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Investment Property – Moving Into New Builds

This article written by Miriam Bell and posted on Landlords.co.nz is an excellent article for Landlords who have been put off by LVR restrictions recently introduced.  In the article Ms Bell explains why new builds are exempt from the restrictions and why they are a great option for investment property.

Image of house build for Why New Builds Are A Good Property Investment blog

“New build properties are exempt from the latest investor-directed LVRs and yet, to date, there has not been a big increase in investors taking up that option.

The Reserve Bank’s most recent round of lending restrictions mean that investors are required to have a 40% deposit in order to secure a loan for an investment property.

That requirement has stymied the goals of a lot of investors and, effectively, taken them out of the market.

However, there are still strategies investors can employ to continue building their portfolio in the face of the LVRs.

Perhaps the most straightforward of these requires a move away from investing in existing properties to investing in new build properties.

This is because lending for new builds is exempt from the latest LVRs for both investors and owner-occupiers – and that means investors only need a 10% deposit for a new build loan.

It sounds like a simple way to work around the LVRs and yet, to date, there does not seem to have been a significant groundswell of investors moving into new builds.

The Mortgage Supply Company’s David Windler said he has not seen a big increase of investor interest in new builds.

“This is a bit surprising as, purely from a lending point of view, new builds seem like a logical option because half the deposit is required.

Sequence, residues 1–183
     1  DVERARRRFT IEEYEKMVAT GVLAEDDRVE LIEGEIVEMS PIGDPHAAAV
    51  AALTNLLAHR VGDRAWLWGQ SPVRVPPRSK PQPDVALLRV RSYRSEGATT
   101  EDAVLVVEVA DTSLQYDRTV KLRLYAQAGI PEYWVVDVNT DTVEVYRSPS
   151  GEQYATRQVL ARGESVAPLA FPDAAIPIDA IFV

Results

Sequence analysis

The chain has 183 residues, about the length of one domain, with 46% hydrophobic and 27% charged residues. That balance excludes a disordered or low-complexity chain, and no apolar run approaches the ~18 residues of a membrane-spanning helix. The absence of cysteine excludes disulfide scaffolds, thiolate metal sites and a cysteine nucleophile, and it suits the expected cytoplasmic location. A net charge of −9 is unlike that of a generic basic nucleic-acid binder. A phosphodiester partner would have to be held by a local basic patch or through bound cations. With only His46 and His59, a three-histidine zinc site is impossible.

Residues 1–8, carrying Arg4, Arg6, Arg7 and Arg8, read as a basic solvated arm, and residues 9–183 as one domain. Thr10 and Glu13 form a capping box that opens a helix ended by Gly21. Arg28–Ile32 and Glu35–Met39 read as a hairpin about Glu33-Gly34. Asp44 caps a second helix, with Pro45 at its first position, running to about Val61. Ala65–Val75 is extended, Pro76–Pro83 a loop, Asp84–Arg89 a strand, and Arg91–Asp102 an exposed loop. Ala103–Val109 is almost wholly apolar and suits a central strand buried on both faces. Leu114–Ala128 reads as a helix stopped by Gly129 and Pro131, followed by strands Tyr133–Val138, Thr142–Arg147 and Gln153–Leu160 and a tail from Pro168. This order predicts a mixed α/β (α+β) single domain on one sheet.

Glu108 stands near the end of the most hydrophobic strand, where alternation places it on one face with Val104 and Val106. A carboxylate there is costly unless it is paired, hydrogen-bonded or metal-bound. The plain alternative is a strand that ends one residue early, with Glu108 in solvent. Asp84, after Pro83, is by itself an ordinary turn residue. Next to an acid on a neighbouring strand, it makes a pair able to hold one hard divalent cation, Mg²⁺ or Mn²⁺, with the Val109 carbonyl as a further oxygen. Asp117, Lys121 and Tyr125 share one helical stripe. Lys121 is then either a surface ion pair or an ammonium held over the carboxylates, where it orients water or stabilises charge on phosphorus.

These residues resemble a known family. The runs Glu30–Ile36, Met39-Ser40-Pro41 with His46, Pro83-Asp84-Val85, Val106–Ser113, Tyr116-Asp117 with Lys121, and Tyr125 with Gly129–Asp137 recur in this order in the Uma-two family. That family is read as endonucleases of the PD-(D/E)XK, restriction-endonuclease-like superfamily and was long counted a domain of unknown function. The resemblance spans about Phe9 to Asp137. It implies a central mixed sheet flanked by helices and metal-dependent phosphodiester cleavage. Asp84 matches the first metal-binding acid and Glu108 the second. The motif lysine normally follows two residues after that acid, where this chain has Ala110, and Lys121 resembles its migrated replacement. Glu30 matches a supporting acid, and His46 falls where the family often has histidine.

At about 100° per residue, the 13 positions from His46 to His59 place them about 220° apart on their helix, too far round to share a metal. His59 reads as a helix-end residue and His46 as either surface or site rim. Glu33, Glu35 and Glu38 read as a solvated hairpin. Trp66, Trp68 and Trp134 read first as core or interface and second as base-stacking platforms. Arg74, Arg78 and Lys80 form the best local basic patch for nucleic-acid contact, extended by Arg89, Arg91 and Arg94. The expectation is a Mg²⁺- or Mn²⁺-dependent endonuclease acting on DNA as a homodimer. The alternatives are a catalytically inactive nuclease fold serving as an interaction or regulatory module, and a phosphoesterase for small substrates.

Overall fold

“But maybe when investors start looking at what they can get for a sum of money, then the numbers just aren’t working for them.”

It was possible many investors are not that familiar with new builds and focused on reports of cost overruns and buildings delays, he said.

“I wonder if many investors are not confident enough with the product to move into new builds more.”

Windler’s observations are not isolated, with Property Institute chief executive Ashley Church also saying he is not hearing of big numbers of investors shifting into new builds at this stage.

He said that, given the current lending environment for investors, moving into new builds is counter-intuitive.

“Or you would think it would be. Relative to other options in the market, or other markets, at the moment you would think that new builds would be pretty attractive.”

Church said it was bizarre more investors weren’t taking up the new build option but possibly there was some, not immediately apparent barrier to it.

Traditionally, costs and time delays have been considered an impediment when it comes to investing in new builds.

But data released by homes.co.nz this week suggests that building a new property, rather than buying an existing one, can be more lucrative.

It found that, in hot markets like Auckland, Wellington and Queenstown, new properties typically sold for around $600,000 more than an empty section – which could equate to around $150,000 in capital gain on average.

Homes.co.nz spokesperson Jeremy O’Hanlon said the stresses of building new are not for everyone because of the additional variables including delays, unforeseen earthworks and the people involved in the build.

“But if you’re careful and do your diligence it looks like building new can be a financially smart approach.”

On the coalface, building companies indicate that factors like this, along with the LVRs, means there has been some increase in investor interest in new builds.

Keith Hay Homes’ national sales manager Barry Walker said they are seeing a reasonable number of investors buying new builds, particularly in the Auckland region.

But he thinks many investors don’t realise there is an LVR exemption for new builds, while others believe that the consent and building delays with new builds mean it’s easier to buy an existing house.

“Having said that, I think that we will see a big increase in investors buying new houses in the near future. That’s partly because more will become aware of the LVR exemption.

“Also, now that Auckland’s Unitary Plan is largely operative that will drive investors looking for opportunities to capitalise on their existing properties.

“People are learning what they can and can’t do and will start to move into the new build space increasingly.”

Signature Homes spokesperson Shaun Taylor agreed that investors’ interest in new builds is only likely to grow.